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HIV Risk Behaviors Among African American Men in Los Angeles County Who Self-Identify as Heterosexual

November 12, 2002


This article is part of The Body PRO's archive. Because it contains information that may no longer be accurate, this article should only be considered a historical document.

The current study examines risk behaviors in a case-control study of 90 HIV-infected and 272 uninfected African American men in Los Angeles County who self-identified as heterosexual. Thirty-one percent of the infected men and sixteen percent of the uninfected men reported having anal sex with men. Among that group, 100 percent of the infected men and 67 percent of the uninfected men reported inconsistent condom use during anal sex with men. Few of the infected (12 percent) or uninfected (2 percent) men reported oral sex with other men. Forty-six percent of the HIV-positive men and 37 percent of the HIV-negative heterosexuals reported anal sex with women with infrequent condom use.

Many theories have been put forth to explain why African American men who self-identify as heterosexual and have sex with men are at a particularly high risk for HIV. One hypothesis suggests that heterosexual African American men are not reached by the prevention messages directed at gay and bisexual communities. Another postulates that, unlike gay and bisexual men, heterosexual men do not normally circulate in social networks that reinforce sexual norms of risk reduction. Furthermore, many African American men who identify themselves as heterosexual and have sex with men are not comfortable with homosexuality or its perceived reception in the African American community. Evidence suggests that self-homophobia is linked with high-risk behavior among men who have sex with men.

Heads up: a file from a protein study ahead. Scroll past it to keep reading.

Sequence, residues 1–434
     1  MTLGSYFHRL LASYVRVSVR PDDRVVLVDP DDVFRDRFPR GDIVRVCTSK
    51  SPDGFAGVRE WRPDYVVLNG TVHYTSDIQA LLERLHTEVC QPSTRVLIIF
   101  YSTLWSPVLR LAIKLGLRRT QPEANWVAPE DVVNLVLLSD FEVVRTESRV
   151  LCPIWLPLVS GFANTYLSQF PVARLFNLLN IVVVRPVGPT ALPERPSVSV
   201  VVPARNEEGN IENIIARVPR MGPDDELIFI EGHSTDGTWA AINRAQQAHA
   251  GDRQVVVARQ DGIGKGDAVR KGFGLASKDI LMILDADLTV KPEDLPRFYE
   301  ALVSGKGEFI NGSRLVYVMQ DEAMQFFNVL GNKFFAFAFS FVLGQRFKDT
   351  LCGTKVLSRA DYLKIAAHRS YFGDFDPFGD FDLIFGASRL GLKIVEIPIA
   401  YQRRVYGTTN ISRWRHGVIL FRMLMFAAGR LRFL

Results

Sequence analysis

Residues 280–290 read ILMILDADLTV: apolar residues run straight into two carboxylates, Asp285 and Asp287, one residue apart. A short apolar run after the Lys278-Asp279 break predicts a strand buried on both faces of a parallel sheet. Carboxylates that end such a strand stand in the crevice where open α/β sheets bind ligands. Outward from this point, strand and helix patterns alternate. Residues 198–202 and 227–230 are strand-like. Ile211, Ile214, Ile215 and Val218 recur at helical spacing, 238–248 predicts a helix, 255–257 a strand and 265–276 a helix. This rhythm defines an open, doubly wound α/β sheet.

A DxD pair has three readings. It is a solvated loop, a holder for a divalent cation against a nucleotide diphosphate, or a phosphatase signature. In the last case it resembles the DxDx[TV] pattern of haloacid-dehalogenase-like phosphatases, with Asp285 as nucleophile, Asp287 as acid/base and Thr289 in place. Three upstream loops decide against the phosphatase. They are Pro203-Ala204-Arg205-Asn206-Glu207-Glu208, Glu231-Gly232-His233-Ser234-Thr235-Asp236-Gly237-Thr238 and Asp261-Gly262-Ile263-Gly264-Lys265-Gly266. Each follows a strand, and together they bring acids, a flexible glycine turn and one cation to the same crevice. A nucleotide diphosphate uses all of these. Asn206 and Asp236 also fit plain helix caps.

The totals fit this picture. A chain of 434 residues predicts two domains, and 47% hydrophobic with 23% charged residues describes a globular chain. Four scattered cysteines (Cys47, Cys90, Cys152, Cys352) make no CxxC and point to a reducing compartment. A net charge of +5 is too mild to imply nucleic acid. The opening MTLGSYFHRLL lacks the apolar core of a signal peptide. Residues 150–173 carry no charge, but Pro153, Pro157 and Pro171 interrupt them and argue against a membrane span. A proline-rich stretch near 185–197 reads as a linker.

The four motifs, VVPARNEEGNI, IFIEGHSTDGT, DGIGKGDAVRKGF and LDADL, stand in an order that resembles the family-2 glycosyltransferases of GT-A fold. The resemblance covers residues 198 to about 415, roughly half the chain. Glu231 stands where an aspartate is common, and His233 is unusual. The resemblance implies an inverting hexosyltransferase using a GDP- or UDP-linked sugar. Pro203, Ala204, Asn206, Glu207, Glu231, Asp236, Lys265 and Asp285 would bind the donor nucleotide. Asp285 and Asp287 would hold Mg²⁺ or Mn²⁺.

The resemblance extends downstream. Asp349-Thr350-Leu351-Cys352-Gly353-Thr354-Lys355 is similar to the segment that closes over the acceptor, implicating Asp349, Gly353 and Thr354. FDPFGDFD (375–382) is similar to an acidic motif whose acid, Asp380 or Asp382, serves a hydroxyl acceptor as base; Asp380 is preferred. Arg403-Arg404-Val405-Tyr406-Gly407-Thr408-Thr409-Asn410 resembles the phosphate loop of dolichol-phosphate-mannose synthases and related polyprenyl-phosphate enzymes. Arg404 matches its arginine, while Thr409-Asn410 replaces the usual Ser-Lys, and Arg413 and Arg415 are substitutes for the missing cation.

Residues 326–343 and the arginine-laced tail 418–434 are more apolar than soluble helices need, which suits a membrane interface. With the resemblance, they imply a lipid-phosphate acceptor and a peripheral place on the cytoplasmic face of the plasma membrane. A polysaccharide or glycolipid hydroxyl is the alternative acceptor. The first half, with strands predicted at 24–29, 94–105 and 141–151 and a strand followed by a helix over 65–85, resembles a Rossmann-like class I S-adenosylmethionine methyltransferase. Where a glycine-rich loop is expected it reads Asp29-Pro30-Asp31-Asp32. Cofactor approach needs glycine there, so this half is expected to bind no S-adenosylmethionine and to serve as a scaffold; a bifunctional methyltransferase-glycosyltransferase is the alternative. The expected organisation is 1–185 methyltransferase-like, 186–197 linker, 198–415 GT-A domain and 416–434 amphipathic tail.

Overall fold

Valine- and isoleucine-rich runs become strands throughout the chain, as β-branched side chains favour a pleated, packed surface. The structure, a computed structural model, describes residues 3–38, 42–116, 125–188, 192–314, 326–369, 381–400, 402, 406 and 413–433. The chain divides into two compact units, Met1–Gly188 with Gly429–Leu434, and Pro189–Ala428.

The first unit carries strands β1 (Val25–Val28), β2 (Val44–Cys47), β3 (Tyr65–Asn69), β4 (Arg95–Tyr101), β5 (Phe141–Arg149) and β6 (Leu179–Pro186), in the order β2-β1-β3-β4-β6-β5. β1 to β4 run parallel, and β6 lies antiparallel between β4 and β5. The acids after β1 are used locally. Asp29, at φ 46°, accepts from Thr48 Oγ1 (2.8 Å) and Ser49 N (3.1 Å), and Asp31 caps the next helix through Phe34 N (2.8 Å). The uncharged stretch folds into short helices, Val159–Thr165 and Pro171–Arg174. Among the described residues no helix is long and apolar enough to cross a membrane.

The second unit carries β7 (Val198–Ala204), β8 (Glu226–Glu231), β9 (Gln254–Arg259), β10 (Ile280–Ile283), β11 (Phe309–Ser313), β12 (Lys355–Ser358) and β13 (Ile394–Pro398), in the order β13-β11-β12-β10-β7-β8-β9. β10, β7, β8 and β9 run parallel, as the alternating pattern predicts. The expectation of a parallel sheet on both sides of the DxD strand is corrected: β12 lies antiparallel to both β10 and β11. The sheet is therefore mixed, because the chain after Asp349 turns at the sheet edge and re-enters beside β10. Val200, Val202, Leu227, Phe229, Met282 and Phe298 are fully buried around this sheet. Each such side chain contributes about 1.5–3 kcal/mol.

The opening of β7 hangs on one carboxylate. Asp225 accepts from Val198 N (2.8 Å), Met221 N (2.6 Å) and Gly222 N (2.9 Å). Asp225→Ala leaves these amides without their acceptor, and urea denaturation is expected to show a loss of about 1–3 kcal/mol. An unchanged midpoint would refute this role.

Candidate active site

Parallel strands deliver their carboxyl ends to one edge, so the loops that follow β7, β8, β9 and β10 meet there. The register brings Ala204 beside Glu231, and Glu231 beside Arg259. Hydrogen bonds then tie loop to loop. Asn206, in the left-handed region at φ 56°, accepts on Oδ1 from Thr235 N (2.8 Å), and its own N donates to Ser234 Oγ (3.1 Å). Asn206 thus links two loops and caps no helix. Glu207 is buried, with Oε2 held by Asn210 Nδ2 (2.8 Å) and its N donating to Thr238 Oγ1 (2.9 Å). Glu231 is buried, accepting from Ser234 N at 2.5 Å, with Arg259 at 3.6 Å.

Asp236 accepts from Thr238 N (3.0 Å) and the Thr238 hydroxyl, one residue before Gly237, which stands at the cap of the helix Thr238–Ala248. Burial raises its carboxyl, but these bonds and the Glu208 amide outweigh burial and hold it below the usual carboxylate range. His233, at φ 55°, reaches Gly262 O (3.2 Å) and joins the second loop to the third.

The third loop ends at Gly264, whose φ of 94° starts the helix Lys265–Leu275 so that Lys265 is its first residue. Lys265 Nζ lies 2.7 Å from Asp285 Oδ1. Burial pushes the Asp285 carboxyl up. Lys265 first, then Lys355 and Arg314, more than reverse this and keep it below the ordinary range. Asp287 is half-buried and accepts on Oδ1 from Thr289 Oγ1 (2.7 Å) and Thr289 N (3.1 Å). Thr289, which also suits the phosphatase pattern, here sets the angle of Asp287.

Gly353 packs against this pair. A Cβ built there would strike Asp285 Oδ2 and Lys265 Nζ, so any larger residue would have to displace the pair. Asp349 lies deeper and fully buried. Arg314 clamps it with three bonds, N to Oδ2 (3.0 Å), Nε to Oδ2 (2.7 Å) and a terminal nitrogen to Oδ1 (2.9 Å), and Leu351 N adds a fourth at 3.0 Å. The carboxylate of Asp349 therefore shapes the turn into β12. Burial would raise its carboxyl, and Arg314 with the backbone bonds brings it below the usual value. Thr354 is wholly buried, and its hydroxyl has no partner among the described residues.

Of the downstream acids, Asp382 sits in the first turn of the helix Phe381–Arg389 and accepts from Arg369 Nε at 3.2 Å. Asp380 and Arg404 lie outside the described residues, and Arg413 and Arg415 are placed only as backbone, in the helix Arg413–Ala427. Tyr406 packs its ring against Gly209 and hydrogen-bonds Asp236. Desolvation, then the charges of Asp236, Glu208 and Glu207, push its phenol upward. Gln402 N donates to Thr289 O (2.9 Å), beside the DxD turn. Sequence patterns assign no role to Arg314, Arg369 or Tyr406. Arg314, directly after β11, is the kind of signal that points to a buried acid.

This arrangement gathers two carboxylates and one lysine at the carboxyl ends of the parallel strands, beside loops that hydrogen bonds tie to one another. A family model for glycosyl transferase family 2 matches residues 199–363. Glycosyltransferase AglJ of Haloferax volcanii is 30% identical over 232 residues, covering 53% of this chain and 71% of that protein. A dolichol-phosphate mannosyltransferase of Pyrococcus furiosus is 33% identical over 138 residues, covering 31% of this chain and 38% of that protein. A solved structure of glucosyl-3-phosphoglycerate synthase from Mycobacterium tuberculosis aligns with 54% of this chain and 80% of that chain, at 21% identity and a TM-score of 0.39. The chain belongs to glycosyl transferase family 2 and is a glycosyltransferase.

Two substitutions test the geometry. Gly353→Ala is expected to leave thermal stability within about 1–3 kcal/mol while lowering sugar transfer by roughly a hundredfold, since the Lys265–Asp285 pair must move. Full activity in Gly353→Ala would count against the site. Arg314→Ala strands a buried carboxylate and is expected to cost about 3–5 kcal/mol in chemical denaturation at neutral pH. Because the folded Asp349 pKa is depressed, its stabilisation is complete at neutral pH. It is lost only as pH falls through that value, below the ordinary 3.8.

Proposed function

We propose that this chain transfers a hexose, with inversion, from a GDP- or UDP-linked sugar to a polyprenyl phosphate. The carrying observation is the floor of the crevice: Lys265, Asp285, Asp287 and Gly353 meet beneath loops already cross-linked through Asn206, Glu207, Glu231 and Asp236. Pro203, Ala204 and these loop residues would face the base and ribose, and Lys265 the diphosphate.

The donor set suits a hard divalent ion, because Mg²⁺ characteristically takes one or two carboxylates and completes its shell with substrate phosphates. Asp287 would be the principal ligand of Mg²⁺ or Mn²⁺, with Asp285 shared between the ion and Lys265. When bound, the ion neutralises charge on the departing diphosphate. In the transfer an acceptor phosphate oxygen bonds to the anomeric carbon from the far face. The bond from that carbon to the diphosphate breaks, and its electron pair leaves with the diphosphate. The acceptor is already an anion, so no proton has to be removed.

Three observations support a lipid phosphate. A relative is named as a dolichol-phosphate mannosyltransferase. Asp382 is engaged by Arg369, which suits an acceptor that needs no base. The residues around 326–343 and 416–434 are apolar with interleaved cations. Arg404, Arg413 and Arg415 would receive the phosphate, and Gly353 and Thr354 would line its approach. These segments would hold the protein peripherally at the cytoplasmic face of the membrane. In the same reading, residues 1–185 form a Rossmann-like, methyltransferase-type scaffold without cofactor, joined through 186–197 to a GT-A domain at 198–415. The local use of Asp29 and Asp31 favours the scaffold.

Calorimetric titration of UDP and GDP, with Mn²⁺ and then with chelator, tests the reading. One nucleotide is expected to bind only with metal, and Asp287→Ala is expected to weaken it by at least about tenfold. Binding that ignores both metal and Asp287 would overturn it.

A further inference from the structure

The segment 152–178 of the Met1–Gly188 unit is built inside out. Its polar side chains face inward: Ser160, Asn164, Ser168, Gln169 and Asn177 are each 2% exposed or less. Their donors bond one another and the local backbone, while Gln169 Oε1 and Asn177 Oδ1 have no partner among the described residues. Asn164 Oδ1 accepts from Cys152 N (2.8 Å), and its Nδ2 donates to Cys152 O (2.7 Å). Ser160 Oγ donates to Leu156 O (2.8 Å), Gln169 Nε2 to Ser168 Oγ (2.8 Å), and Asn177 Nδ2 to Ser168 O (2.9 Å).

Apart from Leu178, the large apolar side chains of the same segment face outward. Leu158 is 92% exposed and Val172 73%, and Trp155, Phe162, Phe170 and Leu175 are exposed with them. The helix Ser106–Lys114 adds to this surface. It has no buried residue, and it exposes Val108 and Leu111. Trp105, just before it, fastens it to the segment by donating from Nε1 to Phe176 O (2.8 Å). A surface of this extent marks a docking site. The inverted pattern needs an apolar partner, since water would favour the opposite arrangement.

Researchers found increased odds for HIV infection were associated with a decreasing age at first sexual experience and a history of injection drug use. They caution that the percentage of heterosexually identified men reporting anal sex with other men in this study is likely to be an underestimate due to the subjects' underreporting. Low condom use among this cohort could mean that self-identified heterosexual men do not consider themselves at risk for HIV infection and thus do not heed public messages about the importance of condom use.

Female partners of the men in the study are at risk for HIV transmission, given that the men in the study reported a high frequency of unprotected anal sex with women. Moreover, female partners may not know about the men's risk behavior or HIV status.

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The data provide support for expanding the prevention model beyond the traditional gay/straight dichotomy. The authors suggest crafting media messages not exclusively targeted to gay- and bisexually-identified men, and interventions such as the promotion of a positive view of condoms through outreach at heterosexual venues.

Back to other CDC news for November 12, 2002

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Adapted from:
Journal of Acquired Immune Deficiency Syndromes
11.1.02; Vol. 31: 354-360; Amy Rock Wohl, Denise F. Johnson, Sharon Lu, Wilbert Jordan, Gildon Beall, Judith Currier, Paul A. Simon




This article was provided by CDC National Prevention Information Network. It is a part of the publication CDC HIV/Hepatitis/STD/TB Prevention News Update.
 
See Also
HIV/AIDS Surveillance in Men Who Have Sex With Men (MSM)

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